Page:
Weave SEO into your marketplace right from the start – An interview with Michael Caldwell

Michael Caldwell shares his decades-long experience with marketplaces and SEO. Learn how to take both users and search engines into consideration when creating your website.

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Petworks founder Michael Caldwell and Sharetribe’s Head of Content Mira Muurinen discuss what sets marketplaces apart from other websites in terms of SEO. 

Petworks is a marketplace for pet-related services. But Michael’s marketplace experience goes as far back as the late 1990s when Michael founded GigMasters (now The Bash), a platform for musicians to find paying gigs. This means he built his first platform when marketplaces weren’t even called marketplaces yet. 

Michael shares what he has learned from his decades-long experience with both marketplaces and optimizing them for search engines, and why it’s important to bake SEO into your marketplace from the start. Learn about the opportunities and challenges of marketplace SEO, content-marketing your marketplace, and link-building in this special interview episode of the Marketplace Academy Podcast.

Our main takeaways from this interview:

  • To succeed with SEO, it needs to be woven into the DNA of the marketplace. Since marketplace SEO is its own thing entirely, strategies that work for other websites might not work the same for marketplaces – and vice versa.
  • As a strategy, SEO is very well suited for bootstrapped companies even though it’s definitely not free. You can spend endless hours on it, and it’s hard work that entails lots of research, testing, and trial and error. But it is accessible even for founders without a huge marketing budget.
  • Always think about the user when creating your key-word targeted content. You need to write natural copy with an SEO mindset. Never put words on a page solely for SEO.
  • Pay attention to the sites that link to your marketplace. Make sure the quality of your backlinks is high. In addition to never paying for links, another piece of advice Michael shares is to look into the sites that link to you and see if they are reputable. And disavow their links in Google Search Console, if they’re not.
  • Marketplaces have a unique opportunity to source their communities for content. Leverage your providers and tap into their expertise. Petworks has a blog with posts from pet service providers who list on the site. It’s a win-win situation. The pros get author credit and visibility; Petworks gets highly relevant, keyword-targeted content!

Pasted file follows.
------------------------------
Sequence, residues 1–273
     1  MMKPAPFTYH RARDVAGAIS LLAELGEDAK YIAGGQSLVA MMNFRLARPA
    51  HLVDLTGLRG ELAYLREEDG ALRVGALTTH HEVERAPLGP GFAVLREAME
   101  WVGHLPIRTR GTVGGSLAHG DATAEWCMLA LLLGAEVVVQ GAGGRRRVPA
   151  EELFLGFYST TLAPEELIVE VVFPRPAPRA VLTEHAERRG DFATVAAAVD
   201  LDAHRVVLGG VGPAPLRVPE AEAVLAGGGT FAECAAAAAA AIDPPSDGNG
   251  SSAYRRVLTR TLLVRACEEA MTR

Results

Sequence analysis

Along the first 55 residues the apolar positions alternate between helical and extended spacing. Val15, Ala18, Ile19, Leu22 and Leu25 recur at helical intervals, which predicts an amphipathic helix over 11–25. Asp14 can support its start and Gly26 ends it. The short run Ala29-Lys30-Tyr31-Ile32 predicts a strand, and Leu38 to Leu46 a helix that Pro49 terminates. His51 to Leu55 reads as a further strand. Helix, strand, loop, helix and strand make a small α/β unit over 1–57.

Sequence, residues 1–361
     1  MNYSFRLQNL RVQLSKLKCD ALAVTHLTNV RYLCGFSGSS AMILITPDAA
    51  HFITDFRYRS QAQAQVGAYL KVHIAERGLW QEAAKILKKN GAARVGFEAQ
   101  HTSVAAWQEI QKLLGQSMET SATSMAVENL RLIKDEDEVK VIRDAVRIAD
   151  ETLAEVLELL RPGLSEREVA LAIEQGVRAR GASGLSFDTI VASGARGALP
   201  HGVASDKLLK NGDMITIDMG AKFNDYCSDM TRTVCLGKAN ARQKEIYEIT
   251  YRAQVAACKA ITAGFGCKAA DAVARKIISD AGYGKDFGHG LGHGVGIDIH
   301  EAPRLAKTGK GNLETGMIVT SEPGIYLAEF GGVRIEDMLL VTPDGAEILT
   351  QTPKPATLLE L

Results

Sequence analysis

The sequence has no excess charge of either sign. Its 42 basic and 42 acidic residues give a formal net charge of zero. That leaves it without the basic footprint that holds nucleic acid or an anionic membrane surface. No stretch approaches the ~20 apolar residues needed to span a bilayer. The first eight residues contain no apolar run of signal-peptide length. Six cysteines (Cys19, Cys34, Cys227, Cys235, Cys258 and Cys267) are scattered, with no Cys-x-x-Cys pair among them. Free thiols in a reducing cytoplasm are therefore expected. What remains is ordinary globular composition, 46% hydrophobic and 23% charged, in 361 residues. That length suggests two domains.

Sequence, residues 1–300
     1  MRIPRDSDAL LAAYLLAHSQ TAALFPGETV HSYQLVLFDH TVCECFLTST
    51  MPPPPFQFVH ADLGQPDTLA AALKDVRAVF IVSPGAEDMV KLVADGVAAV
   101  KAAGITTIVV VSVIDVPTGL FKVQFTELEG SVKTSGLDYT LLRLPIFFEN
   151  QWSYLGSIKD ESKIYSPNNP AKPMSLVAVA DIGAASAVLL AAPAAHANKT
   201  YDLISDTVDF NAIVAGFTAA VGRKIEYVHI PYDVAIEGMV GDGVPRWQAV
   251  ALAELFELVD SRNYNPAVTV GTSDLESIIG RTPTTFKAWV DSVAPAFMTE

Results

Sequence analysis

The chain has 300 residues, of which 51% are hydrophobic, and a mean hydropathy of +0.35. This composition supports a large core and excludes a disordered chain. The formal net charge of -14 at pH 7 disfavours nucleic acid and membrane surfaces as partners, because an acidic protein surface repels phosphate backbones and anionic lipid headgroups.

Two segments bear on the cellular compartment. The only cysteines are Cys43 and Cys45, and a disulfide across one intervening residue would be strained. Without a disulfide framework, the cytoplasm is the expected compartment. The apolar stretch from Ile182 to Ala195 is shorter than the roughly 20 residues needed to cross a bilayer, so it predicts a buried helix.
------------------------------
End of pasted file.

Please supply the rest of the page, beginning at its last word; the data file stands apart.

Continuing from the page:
Listen to the full episode or find the transcript below to learn more! Or read Mira’s complete guide to marketplace SEO to learn more.

Episode transcript

[00:00:00] Katri: This is the Marketplace Academy podcast and we're back with another bonus SEO episode. My name is Katri and I'm your host. However, this episode I'm giving the floor to my amazing colleague, Mira, Sharetribe's SEO expert. This fall, Mira wrote an article series on marketplace SEO for Sharetribe's Marketplace Academy, and for it, she interviewed the people who know about the topic the most.

The guest in this episode is Michael Caldwell, an SEO expert and marketplace founder. Michael started his first marketplace GigMasters when the word marketplace was not even yet used in the context of online platforms. Currently, he is the founder of Petworks, a marketplace that connects pet parents with various pet service providers.

Michael shares his experience on how the SEO landscape has changed since he started, emphasizes the importance of baking SEO into your marketplace early on, and also which SEO tactics to avoid and what to invest in instead. There is some background noise in the recording, but I hope that does not take away from learning about SEO in this treasure trove of actionable advice on nailing your marketplace SEO. Michael has decades-long experience in marketplaces and search engine optimization. So if you're looking to learn about either you're in for a treat.

[00:01:25] Mira: Hi Michael, and welcome to the Marketplace Academy Podcast. 

[00:01:29] Michael: Thank you so much for having me and I'm really excited to be here today. 

[00:01:32] Mira: It's truly great to have you here to share your expertise because you've been working with marketplaces for quite some time now. So you founded GigMasters in the late nineties as a platform for helping musicians find paying gigs, and now you're the founder of Petworks, which is a marketplace that connects pet owners to various pet service providers. Could you share a little bit about your journey with marketplaces and what it was like to build GigMasters before the online marketplace boom?